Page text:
SALEM, Ore.—As dozens of horrified pilots and other aviation enthusiasts looked on, a small plane took off on Sept. 6 from an airfield in the scenic Oregon town of Hood River then plummeted to the ground after its engine cut out, killing the pilot and his passenger.
The crash occurred as an annual “fly-in,” where hundreds gather to view planes, many of them antiques, was about to start.
One of the people killed was Ben Davidson, chief pilot for a museum of antique planes and cars that hosts the event, Hood River County sheriff’s Deputy Joel Ives said. Also killed was Matthew Titus of Turlock, California, who was piloting the Super Cub airplane, Ives said.
Ives said the two men were apparently related.
The Piper PA-18 Super Cub is a two-seat, single-engine monoplane, introduced in 1949 by Piper Aircraft.
Witnesses said the plane probably didn’t get more than 100 feet off the ground when the engine cut out, almost caught, and then cut out again, Ives said. The weather was clear, with scattered clouds and light winds.
Davidson was chief pilot for the Western Antique Airplane & Automobile Museum, which hosts the Hood River Fly-In, being held on Saturday and Sunday.
A woman who answered the phone at the museum, located alongside Hood River’s Ken Jernstedt Airfield, said she could not comment, and hung up. Ives said the museum owned the crashed plane.
The Federal Aviation Administration and National Transportation Safety Board were notified, and an FAA representative, who may have been off duty and happened to be nearby, already visited the scene, Ives said.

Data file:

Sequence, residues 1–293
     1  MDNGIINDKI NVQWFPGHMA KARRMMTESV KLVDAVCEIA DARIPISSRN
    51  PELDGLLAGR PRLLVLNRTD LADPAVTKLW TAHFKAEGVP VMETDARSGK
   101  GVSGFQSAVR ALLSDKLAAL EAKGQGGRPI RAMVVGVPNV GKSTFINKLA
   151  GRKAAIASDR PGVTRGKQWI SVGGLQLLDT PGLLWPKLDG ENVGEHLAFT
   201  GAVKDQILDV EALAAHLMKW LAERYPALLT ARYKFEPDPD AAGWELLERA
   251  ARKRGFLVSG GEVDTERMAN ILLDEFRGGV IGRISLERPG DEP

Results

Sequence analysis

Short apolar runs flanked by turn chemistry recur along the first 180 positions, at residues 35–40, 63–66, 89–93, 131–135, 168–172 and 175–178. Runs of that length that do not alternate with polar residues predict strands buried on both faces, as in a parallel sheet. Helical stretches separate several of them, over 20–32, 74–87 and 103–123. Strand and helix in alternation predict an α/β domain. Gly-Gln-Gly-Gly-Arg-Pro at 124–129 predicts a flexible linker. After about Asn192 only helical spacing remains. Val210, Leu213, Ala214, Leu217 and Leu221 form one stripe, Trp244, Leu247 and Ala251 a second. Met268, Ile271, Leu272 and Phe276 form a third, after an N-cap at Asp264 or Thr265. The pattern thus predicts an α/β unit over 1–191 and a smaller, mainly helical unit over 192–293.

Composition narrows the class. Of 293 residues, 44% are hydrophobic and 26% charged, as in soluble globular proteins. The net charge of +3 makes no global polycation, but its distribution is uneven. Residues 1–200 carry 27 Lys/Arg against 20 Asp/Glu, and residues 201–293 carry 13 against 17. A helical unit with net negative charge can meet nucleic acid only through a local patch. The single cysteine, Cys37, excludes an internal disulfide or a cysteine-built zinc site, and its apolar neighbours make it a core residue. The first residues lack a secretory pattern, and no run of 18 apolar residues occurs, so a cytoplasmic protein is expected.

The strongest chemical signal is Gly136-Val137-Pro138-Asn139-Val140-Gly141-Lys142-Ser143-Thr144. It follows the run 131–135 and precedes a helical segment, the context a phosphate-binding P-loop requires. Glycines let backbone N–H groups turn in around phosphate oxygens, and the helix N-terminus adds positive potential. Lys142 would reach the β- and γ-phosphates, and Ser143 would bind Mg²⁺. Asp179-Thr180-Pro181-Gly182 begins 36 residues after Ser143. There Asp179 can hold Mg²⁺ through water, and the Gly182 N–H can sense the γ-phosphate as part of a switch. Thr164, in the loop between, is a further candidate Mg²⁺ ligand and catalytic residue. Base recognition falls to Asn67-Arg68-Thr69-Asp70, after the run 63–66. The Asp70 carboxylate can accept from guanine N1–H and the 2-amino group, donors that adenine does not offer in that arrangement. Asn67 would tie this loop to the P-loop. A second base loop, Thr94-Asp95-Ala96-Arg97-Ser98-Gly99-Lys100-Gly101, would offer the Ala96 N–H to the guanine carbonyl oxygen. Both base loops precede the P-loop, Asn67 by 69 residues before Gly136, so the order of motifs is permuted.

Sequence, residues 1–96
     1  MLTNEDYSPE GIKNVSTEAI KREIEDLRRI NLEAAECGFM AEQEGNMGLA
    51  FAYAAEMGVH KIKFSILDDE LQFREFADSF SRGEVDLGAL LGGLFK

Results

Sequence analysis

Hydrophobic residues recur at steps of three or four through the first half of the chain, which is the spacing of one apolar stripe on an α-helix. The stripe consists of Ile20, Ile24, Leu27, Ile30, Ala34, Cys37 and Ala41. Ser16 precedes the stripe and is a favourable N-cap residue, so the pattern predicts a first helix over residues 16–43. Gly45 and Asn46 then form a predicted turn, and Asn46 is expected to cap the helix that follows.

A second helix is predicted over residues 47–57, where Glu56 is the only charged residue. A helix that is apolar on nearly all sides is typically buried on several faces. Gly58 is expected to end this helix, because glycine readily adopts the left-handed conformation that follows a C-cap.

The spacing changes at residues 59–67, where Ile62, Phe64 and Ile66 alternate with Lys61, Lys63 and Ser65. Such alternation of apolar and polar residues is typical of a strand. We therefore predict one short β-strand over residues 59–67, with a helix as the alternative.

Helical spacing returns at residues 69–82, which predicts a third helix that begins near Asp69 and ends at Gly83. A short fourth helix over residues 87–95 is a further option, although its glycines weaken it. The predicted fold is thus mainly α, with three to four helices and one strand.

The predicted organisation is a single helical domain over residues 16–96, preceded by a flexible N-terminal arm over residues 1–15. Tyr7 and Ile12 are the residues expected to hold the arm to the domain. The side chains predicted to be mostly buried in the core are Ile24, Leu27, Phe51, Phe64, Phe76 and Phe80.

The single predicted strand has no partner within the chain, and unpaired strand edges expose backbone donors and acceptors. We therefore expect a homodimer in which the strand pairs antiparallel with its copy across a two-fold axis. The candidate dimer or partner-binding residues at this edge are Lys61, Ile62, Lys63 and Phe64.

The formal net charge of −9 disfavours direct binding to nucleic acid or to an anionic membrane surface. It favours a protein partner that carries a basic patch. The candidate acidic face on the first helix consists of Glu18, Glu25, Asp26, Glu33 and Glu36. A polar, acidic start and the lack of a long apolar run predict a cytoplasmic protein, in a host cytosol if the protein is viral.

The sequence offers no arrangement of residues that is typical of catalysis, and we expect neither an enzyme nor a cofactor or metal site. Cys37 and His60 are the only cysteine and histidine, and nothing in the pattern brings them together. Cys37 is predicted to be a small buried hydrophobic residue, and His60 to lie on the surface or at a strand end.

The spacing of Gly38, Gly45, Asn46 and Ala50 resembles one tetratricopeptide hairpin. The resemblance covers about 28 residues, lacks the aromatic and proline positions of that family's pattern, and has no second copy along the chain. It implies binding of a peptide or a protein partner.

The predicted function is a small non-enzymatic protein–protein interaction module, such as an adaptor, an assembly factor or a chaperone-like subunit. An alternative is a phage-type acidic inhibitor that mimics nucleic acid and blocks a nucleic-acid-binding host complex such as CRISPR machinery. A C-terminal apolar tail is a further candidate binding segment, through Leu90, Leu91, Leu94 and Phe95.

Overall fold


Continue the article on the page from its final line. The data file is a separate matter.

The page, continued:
Video footage showed the yellow airplane had broken into pieces upon impact. The rear fuselage was intact, bearing the logo of the U.S. Air Force from 1947.
“The main cockpit was extremely mangled,” said Ives, who got to the scene after fire department and emergency medical services arrived. No one on the ground was hit, he said.
Hundreds of people flock to the airfield, located less than three miles from the Columbia River, for the Hood River Fly-In.
“There are lots of fly-ins. Pilots fly in with their personal planes and line them up for viewing by the public,” Ives said.
The event features bi-plane rides, a Lions Club Pancake Breakfast, pilot seminars, aircraft restoration workshops and book signings. One of the books is “Fumes and a Prayer: How to Live at the Edge and Still Be Home for Dinner,” by Dennis Bauer.
The fly-in is still planned, the museum indicated on its Facebook site. Hours after the crash, it posted photos of some of the planes that have arrived. It made no mention of the crash.
By Andrew Selsky